One of the standard laboratory methods for studying the early stages of heart development is to use microsurgery to remove a chick heart from an embryo and place it in a cell-culture dish filled with collagen gel. However, the method was not suitable for studying mechanical forces so Sewell-Loftin had to modify it substantially. She found one key was to include a complex sugar called hyaluronic acid, which is found in cardiac jelly.
Next, she had to devise a method to measure the amount of deformation that the pulsation of the heart muscle cells causes in the gel. She did so by creating a computer program that analyzed sequences of microscope images of the gel surface to estimate the forces caused by the pulsing cells.
When Sewell-Loftin compared her maps with the locations where VICs were being formed, she found that cells were transforming preferentially in areas of high strain.
The team's next step is to collaborate with a researcher who works with induced pluripotent stem cells a type of stem cell that can be generated directly from adult cells to produce endothelial cells. Once they have these cells, they hope to produce human VICs. In addition to guiding the initial formation of the heart, VICs are known to play a role in maintaining valve health in adults. So they could provide a better way to repair calcified heart valves, the major cause of open-heart surgery in adults, the researchers speculate.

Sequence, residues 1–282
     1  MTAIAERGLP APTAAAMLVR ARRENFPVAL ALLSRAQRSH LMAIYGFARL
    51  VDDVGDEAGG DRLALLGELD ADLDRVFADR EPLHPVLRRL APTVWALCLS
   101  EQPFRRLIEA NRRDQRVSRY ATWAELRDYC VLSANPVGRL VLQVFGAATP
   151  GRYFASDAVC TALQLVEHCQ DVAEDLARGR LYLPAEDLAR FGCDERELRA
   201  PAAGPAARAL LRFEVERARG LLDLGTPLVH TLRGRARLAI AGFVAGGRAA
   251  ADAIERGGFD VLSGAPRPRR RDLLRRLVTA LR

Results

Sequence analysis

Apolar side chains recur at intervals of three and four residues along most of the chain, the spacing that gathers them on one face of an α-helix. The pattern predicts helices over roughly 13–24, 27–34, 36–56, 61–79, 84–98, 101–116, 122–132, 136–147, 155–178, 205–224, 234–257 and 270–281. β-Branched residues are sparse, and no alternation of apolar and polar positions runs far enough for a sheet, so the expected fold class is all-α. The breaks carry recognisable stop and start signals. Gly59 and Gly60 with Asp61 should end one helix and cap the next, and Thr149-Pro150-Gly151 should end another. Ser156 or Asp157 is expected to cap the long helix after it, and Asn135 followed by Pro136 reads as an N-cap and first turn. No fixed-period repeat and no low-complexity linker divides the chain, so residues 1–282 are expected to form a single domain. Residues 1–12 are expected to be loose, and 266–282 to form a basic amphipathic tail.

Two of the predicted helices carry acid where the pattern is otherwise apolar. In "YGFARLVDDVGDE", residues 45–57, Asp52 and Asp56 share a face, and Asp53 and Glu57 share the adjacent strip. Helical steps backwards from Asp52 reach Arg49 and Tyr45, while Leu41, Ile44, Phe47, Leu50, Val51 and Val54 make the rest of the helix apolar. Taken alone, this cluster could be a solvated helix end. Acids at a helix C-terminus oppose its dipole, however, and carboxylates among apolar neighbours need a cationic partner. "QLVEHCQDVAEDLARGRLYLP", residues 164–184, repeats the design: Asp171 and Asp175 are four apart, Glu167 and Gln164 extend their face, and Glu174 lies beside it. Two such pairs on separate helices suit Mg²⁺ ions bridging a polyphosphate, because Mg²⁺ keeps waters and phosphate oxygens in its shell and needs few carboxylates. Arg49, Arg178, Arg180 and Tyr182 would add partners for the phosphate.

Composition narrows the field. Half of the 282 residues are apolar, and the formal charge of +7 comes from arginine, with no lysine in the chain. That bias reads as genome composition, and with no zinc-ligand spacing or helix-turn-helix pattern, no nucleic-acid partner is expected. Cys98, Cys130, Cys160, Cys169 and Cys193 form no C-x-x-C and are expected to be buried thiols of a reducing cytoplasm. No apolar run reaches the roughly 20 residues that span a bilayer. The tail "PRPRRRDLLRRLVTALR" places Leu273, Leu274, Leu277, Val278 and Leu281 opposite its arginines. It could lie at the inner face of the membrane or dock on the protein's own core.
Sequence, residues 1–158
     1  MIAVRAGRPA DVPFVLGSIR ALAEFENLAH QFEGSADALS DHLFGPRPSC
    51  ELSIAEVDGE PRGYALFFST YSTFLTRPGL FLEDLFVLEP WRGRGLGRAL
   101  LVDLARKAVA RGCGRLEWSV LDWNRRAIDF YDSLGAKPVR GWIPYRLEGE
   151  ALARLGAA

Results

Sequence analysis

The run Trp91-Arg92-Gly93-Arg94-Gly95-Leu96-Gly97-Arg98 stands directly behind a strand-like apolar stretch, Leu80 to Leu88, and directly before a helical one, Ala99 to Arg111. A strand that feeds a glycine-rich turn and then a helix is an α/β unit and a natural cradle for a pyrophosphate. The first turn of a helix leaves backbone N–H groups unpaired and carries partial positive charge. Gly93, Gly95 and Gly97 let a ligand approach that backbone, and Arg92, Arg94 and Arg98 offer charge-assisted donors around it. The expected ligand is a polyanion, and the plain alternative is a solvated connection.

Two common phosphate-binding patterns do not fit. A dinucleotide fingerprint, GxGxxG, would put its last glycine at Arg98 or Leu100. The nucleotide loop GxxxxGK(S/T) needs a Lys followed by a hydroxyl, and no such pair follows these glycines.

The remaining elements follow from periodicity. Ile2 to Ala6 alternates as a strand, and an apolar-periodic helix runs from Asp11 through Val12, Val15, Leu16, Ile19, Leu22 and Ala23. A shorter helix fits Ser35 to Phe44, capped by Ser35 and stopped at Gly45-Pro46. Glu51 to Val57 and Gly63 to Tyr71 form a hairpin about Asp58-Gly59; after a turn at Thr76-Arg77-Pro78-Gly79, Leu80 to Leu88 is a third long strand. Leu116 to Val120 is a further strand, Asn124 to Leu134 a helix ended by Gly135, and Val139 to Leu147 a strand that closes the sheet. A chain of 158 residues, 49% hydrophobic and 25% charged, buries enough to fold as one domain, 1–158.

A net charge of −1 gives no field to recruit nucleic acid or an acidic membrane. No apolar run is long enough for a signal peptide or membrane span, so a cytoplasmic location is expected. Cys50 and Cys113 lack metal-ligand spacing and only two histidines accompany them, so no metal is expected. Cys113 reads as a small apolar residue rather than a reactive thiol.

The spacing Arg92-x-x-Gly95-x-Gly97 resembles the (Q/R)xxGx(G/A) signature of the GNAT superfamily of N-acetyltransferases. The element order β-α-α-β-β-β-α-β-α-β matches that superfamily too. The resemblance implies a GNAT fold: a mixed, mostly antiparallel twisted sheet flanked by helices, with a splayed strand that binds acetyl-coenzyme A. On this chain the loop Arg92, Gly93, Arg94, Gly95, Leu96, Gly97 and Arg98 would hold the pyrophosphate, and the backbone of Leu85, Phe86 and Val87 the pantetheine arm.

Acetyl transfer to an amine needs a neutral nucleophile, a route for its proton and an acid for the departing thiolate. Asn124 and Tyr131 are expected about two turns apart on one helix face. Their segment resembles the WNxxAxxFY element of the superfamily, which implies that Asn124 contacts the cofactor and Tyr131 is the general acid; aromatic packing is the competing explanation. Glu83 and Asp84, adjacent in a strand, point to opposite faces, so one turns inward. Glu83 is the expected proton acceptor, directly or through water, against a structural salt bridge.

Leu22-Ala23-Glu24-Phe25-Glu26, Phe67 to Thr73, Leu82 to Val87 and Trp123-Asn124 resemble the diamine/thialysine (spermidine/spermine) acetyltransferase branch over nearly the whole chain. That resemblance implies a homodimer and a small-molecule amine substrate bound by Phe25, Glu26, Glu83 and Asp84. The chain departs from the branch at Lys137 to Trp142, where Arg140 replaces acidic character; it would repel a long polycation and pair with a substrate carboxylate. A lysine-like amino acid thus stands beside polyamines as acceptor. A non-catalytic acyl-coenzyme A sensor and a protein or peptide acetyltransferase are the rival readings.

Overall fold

Once they can make human VICs, there is a good chance that they will create artificial human heart valves when they are placed in a properly designed bioreactor, the researchers anticipate. And once they have artificial human heart valves, they could be used to replace defective valves when needed in the 40,000 babies born with congenital heart defects each year. Hopefully, these artificial valves would grow with the child. Current replacement valves are made out of plastic so they do not grow with a chil
|Contact: David Salisbury|